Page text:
BEING EDDIE MACDONALD
It’s been said that there are three
approaches to NASCAR K&N racing these days: Make sure your dad or
granddad is a well-heeled Cup winner; run at the back; or quit. And
then there’s Eddie MacDonald.
At 33, Eddie is handsome, his
aura warm, and he’ll look you right in the eye. There’s no pretense,
no plastic about him, just that sense of focus. He’s a racer 24/7.
No question the obvious work ethic is in his genes. His parents run
a small trucking company weekdays, and on the weekends they operate
Lee Raceway in Southern New Hampshire.
Eddie’s operation is
based in a distant corner of an industrial building in Newburyport,
Massachusetts, no pretense or plastic about that, either. There are
parts, body panels, and ongoing projects everywhere. No fancy
machinery and no evidence of any inventory of cars. You can’t see
your face in the floor, but the shelves are laden with glitzy
trophies – lots of them. (www.eddiemacdonald.net)
Having run A-frame cars – ball joint
in line with the first spark plug – for half his life, Eddie
MacDonald has developed an uncanny propensity for pulling it off.
Sure, times are tough, but amazingly this guy has raced three times
to date this spring – at Bristol, Tennessee; Greenville-Pickens,
South Carolina; and “the Governor’s Cup” at Lee. He won at both
Bristol and Lee.
Here’s what he
has to say:
This has been
going on for a long time. And I’ll tell you, to keep on going,
especially in K&N, is such a struggle. But I am committed to racing
as long and as hard as I possibly can. When I am done with my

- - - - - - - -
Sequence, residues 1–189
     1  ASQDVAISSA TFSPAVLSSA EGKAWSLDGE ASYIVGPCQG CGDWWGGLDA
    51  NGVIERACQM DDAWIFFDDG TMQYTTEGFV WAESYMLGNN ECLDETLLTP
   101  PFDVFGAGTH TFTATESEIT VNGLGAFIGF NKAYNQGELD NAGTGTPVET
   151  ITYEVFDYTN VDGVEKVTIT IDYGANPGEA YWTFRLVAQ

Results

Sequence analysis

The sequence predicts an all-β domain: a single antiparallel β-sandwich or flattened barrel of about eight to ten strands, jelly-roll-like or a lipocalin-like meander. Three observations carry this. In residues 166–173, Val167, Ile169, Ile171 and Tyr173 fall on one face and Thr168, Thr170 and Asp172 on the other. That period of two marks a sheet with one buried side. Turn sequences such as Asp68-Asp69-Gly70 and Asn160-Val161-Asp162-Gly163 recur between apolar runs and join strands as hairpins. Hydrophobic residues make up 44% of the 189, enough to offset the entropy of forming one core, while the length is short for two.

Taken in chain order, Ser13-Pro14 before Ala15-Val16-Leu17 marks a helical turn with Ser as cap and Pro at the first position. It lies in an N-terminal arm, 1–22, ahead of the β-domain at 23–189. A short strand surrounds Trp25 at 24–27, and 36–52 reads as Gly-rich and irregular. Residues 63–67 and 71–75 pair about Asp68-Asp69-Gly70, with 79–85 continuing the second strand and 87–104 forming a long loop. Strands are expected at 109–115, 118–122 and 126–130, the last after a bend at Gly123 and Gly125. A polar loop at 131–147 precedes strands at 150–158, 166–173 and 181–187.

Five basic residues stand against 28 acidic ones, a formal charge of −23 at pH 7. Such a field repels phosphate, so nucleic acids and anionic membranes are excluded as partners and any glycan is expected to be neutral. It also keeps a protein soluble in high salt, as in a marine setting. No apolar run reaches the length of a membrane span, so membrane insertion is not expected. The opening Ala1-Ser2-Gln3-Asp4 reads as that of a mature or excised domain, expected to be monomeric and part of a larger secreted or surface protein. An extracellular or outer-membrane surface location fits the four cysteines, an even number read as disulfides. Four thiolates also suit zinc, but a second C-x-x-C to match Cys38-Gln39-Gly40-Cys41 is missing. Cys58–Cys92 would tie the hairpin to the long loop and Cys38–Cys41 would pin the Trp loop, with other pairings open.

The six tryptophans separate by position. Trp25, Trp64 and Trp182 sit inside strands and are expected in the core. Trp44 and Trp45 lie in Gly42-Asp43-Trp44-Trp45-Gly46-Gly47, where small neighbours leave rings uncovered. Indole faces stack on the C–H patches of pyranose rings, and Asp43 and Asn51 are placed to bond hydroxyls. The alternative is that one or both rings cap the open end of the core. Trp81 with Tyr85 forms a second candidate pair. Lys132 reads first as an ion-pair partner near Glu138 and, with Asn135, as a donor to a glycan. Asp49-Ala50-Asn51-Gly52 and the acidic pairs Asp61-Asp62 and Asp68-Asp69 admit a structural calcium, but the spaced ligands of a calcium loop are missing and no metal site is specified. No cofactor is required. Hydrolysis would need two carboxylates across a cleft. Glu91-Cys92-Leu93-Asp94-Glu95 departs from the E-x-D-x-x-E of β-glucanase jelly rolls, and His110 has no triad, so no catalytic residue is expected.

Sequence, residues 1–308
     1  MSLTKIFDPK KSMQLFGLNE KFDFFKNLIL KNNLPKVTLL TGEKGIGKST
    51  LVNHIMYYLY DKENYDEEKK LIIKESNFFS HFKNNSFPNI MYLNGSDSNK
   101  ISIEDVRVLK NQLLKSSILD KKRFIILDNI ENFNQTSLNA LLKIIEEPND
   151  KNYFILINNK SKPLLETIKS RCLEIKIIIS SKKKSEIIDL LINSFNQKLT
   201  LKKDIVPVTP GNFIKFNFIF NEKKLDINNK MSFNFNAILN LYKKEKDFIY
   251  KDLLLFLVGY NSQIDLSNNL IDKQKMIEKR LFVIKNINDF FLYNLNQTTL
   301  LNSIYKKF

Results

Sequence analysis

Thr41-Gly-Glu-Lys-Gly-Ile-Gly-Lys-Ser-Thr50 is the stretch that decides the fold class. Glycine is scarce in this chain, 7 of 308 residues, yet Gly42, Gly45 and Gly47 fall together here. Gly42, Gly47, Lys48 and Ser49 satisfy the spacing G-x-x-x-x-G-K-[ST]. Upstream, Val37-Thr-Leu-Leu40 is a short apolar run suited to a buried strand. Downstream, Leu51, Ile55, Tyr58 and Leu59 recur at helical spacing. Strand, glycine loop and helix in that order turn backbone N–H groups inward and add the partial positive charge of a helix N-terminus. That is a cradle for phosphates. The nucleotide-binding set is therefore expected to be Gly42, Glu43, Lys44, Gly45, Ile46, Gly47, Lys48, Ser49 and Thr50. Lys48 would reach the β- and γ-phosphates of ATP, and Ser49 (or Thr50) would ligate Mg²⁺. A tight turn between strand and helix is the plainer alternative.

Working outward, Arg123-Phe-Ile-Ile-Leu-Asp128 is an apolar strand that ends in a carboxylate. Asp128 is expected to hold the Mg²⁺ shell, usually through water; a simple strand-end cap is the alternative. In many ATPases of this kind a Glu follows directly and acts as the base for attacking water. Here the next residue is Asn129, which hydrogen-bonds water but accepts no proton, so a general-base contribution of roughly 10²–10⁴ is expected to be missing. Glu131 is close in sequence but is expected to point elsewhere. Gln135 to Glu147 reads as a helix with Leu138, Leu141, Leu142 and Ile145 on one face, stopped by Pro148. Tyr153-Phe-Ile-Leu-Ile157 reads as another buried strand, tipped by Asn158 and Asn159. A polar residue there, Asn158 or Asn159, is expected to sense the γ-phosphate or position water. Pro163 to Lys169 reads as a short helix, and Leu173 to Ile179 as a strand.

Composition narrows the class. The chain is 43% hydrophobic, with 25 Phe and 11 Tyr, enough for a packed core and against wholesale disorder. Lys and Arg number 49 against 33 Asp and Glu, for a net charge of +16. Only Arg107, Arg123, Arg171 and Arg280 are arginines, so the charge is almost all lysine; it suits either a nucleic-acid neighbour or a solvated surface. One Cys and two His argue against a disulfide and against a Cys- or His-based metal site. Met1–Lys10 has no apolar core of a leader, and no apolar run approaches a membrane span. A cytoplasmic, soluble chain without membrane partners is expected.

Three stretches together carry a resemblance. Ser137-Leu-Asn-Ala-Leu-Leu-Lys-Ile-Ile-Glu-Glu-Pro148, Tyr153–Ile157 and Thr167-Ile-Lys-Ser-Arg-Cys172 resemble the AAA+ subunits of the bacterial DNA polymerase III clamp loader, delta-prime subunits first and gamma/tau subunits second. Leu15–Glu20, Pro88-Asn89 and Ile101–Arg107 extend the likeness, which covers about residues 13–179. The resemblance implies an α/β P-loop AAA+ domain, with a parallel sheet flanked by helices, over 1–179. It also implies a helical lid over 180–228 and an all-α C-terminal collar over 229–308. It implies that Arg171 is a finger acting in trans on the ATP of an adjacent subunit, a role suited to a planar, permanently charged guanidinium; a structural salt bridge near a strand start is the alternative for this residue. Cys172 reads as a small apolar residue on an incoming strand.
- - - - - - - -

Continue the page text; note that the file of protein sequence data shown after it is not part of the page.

racing, I will be done – and on to the next chapter of my life.
I’m asked all the time about Nationwide and Cup. Sure, I’d love
to move up and on. But why would I want to move South and just end
up down there for a year or two and come back home never having had
the opportunity to race? Reality has to sink in. NASCAR has changed,
and I am not looking for what I can’t get. I just want to run the
best we possibly can, and Rob Grimm has allowed me to do that.
Rob has a general construction company in Pennsylvania and some
other business interests. We’ve been together since 2007. You know,
there was a time that sponsorships were relationships, and they
lasted. Not now. Now it seems so day-to-day, and it is cool that we
probably already have the longest-lasting deal in K&N.
owns the team and keeps us going at this level. Sure, he’d like to
attract more funding for us, but he’s very busy – and we’re just
grateful. He’s a good guy. He’s drawn lots of attention to the M.S.
Society with the panels of our cars.
Rob Grimm’s “MS Warriors” were
ready for their National Multiple Sclerosis
Society Walk at Pocono last May 5. (Photo from
Not only that, but our crew is all volunteer. Rob
lets us divide up the purse money within the team by percentage.
Sure, he might be down in Pennsylvania, but he knows how often we
work ’til 2:00 in the morning.
It’s no cake walk. It does get
kinda frustrating sometimes watching these K&N kids with the bucks.
They will usually go very fast in practice, but they don’t often
race well or manage the car. But in certain cases it seems these
organizations can put anyone in the seat and they can win.